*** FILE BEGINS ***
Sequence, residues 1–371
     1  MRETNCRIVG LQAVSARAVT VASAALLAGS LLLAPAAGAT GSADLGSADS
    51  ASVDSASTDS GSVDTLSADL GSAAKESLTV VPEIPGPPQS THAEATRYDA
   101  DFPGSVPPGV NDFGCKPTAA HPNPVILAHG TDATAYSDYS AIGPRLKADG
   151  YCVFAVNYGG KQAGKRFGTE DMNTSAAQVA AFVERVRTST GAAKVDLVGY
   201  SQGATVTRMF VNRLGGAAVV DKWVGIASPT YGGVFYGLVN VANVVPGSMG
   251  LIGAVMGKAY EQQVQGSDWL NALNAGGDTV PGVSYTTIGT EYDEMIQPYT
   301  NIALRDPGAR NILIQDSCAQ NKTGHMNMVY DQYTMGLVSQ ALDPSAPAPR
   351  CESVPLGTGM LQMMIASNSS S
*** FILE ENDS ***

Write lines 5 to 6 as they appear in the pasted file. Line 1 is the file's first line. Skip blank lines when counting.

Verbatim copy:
   151  YCVFAVNYGG KQAGKRFGTE DMNTSAAQVA AFVERVRTST GAAKVDLVGY
   201  SQGATVTRMF VNRLGGAAVV DKWVGIASPT YGGVFYGLVN VANVVPGSMG